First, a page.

You Lead Out of Who You Are. What Happens if Who You Are is Worn Out?
How are you feeling right now?
It’s been a wild ride of a year. And it is catching up with people. One of the things that I love about my job is the people I work with. Generally, my clients and the people I engage with are optimistic, active, creative, and self-motivated. They’ve maintained that attitude throughout this year — very much taking the “If life gives you lemons — make lemonade” approach.
But, over the last month or two, I’ve started to notice a shift. Many of my clients are starting to look and sound stressed or fatigued. Many of the other leaders I meet are too. I’m concerned.
Leaders Are Getting Worn Out
In sports and manual labor professions — there is a concept called Cumulative Trauma Disorder (CTD). CTD occurs when your muscles, tendons, joints, and nerves are consistently stressed. Over time, this leads to chronic stiffness or pain, injuries, and the breakdown of your physical systems. Cumulative stress isn’t just a physical phenomenon. It can occur psychologically and organizationally as well.
This is what I’m seeing. A wearing down of good leaders and friction on good teams. For some, this results in weariness. Others lose hope or optimism. Some find themselves becoming irritable. Poor decisions are made. Over or under reactions have consequences. It sets you and your team up for “injury” and breakdown.
You May Not Find Calm — You Need to Create It
What is it you feel you need right now? Peace? Rest? Consistency? Stability? Help? You probably won’t find those things. Instead, you’ll have to create them. As a leader, you need to own your well-being. No one else will do it for you. But a lot of other people are depending on you.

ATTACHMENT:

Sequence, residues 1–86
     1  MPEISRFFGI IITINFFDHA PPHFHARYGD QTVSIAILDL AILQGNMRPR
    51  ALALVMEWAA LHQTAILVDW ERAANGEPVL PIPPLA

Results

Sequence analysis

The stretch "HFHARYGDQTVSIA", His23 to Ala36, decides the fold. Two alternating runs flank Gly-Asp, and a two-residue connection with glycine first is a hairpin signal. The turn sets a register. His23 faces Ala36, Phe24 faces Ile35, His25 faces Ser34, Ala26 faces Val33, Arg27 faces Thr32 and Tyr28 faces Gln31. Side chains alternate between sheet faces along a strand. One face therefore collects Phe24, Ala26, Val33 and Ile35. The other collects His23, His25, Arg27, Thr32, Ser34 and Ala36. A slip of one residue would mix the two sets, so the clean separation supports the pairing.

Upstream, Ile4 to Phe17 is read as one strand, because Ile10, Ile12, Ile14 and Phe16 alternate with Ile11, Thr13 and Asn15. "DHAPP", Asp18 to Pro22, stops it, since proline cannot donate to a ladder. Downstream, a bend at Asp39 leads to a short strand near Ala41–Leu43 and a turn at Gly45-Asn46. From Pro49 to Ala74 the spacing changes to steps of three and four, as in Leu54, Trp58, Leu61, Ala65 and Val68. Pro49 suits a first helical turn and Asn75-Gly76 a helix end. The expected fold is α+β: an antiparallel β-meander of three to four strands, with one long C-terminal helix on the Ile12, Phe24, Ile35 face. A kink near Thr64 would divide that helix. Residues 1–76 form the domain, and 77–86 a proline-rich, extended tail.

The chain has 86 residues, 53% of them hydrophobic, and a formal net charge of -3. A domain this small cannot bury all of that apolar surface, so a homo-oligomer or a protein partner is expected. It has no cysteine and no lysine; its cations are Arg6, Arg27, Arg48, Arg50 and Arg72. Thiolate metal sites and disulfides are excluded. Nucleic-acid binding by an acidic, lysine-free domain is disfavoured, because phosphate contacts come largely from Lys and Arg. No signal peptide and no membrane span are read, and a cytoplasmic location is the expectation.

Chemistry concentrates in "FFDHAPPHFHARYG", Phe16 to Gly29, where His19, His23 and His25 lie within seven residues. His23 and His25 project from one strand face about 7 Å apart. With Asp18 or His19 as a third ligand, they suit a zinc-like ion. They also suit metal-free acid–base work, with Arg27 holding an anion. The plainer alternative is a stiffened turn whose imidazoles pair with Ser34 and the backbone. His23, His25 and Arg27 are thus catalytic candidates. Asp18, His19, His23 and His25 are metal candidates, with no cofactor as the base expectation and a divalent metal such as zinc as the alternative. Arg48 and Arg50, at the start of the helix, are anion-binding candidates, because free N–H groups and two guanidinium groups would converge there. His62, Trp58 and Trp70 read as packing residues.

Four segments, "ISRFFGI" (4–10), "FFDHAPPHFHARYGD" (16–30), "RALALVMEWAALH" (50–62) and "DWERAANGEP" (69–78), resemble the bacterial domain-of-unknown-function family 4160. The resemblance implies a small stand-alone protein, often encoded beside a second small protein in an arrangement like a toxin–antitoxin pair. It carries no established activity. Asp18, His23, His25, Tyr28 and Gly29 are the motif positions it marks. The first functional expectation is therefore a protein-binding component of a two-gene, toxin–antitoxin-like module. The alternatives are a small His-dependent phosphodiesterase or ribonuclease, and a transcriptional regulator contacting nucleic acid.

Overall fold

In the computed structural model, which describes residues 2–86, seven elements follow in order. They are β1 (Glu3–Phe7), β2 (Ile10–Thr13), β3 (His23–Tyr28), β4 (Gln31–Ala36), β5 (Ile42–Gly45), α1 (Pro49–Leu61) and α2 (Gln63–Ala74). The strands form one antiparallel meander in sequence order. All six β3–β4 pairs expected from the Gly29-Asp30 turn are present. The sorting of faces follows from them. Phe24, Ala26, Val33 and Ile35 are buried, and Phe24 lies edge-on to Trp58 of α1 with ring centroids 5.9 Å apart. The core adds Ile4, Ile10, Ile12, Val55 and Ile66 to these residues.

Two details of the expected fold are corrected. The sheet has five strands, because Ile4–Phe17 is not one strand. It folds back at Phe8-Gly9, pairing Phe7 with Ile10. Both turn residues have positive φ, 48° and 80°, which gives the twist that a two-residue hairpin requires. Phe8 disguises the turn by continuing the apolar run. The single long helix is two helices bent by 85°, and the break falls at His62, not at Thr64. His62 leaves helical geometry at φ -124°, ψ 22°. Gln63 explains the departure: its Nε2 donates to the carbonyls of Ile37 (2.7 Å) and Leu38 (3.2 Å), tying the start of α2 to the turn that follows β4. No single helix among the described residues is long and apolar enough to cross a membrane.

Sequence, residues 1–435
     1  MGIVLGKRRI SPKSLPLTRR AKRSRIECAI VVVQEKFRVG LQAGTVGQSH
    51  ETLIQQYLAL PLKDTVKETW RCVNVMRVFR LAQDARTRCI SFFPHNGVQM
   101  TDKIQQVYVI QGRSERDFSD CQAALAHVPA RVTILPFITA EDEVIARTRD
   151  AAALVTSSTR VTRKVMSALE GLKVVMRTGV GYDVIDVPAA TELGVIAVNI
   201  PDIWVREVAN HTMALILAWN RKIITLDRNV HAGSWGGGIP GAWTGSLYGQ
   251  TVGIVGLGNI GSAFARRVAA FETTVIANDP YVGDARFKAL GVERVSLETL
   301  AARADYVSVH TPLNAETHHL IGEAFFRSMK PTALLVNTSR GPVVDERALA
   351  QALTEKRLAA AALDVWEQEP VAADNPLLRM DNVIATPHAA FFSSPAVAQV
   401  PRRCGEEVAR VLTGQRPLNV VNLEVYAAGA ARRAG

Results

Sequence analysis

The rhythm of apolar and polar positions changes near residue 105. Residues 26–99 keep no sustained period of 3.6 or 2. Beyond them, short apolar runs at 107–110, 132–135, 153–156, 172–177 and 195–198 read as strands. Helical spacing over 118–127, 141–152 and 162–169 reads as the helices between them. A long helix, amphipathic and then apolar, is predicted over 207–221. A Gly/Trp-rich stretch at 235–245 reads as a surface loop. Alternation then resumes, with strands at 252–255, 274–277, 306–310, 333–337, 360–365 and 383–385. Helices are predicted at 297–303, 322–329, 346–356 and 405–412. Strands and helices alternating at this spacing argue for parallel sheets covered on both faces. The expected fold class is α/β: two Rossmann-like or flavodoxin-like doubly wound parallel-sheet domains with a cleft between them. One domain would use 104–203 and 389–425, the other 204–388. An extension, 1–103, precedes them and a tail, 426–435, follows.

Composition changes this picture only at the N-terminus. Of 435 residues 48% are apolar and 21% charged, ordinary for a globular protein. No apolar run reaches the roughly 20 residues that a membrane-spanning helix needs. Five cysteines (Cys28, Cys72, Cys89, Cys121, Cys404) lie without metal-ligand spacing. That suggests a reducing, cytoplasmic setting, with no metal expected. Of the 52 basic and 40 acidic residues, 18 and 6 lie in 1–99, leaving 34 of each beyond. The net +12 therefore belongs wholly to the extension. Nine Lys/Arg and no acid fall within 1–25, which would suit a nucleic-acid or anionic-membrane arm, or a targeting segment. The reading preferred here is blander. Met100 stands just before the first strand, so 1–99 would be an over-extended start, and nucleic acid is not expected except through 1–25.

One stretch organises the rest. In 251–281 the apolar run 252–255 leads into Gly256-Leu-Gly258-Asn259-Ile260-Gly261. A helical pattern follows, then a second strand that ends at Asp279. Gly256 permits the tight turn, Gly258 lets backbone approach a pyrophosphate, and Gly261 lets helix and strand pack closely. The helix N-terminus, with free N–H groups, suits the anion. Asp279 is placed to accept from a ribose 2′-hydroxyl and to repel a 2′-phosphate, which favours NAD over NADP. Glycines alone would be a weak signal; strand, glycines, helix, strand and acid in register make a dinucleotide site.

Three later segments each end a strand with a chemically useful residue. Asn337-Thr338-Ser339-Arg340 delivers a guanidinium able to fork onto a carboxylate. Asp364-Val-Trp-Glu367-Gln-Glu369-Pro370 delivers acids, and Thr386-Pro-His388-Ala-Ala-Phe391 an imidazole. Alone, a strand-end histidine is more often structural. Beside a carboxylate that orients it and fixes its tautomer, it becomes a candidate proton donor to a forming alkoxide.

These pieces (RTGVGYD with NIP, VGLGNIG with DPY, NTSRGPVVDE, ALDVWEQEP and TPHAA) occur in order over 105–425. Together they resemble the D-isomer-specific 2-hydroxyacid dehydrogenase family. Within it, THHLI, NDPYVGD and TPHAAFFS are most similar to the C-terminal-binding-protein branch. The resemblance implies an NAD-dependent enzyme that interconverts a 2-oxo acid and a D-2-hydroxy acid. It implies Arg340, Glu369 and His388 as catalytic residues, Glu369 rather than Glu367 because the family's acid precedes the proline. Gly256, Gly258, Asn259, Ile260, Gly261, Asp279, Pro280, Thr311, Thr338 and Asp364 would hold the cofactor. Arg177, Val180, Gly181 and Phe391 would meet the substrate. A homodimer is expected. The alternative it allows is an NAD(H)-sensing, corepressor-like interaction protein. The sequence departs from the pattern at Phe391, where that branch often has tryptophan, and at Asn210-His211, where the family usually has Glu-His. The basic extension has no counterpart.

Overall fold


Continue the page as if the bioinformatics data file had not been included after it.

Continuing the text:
The good news is if you are well, you feel well. You work well. And so does everyone else — as well.
The Simple Ingredients of Self-Care
Your mind and your body are the primary tools you have to work with as a leader. In spite of this, many leaders ignore or even abuse their minds and their bodies. You can’t. You have to take care of yourself. Here some very simple ways to do this:
In sports or fitness, there is this concept called “proprioception.” Essentially, it is someone’s ability to be aware of and control any part of their body. It’s what gives people great balance. It’s what allows dancers, gymnasts, and martial artists to seem so in control. Some people may be born with more of it — but anyone can develop it through training. It can also be lost — with lack of use.
For most leaders, there is so much going on and so much stimulus, we are no longer really in touch with ourselves. We don’t have leadership “proprioception.” Creating quiet helps us build or recover this. The kind of quietness allows us to become aware of our thoughts and our feelings. Even to become aware of our physical bodies.
Ways to be quiet:
- Sit still, in a comfortable, quiet place for a set amount of time. Notice the thoughts and feelings that emerge — but don’t try to “hold” or stay with any. Just notice.
- Take a walk
- Contemplative prayer